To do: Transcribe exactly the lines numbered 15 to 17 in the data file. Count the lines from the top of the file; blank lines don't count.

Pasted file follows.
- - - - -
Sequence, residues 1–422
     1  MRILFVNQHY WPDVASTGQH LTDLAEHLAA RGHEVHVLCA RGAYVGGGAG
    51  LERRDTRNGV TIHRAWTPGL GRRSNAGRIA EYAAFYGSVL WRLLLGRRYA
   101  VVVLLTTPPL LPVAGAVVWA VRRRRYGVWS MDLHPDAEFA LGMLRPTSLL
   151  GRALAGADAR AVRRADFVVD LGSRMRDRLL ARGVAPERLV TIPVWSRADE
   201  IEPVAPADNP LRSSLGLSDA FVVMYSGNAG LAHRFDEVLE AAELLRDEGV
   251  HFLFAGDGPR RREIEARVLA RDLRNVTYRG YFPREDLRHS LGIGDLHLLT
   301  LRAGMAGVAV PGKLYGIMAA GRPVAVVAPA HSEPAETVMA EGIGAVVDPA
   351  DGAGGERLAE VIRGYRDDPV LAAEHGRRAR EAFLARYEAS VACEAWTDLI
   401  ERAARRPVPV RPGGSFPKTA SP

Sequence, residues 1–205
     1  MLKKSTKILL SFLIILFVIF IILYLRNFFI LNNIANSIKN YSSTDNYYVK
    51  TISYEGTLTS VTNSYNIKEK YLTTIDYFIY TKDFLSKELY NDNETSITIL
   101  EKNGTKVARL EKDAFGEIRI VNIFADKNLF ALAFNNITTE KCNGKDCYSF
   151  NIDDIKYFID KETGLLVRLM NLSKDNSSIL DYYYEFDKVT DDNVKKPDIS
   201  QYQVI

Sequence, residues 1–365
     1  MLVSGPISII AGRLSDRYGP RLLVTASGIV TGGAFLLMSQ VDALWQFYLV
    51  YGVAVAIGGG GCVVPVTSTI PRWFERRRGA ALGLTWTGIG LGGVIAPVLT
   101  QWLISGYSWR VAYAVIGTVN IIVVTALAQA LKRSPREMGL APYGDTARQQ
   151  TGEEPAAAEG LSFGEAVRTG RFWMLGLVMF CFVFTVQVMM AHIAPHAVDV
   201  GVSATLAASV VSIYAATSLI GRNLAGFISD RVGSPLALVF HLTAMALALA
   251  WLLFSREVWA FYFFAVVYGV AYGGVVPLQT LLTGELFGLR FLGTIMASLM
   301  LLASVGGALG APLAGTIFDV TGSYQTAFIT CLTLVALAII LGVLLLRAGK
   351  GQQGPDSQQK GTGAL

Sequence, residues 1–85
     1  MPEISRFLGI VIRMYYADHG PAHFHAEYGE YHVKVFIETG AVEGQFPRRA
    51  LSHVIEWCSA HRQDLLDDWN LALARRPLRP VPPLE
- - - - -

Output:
   151  NIDDIKYFID KETGLLVRLM NLSKDNSSIL DYYYEFDKVT DDNVKKPDIS
   201  QYQVI

Sequence, residues 1–365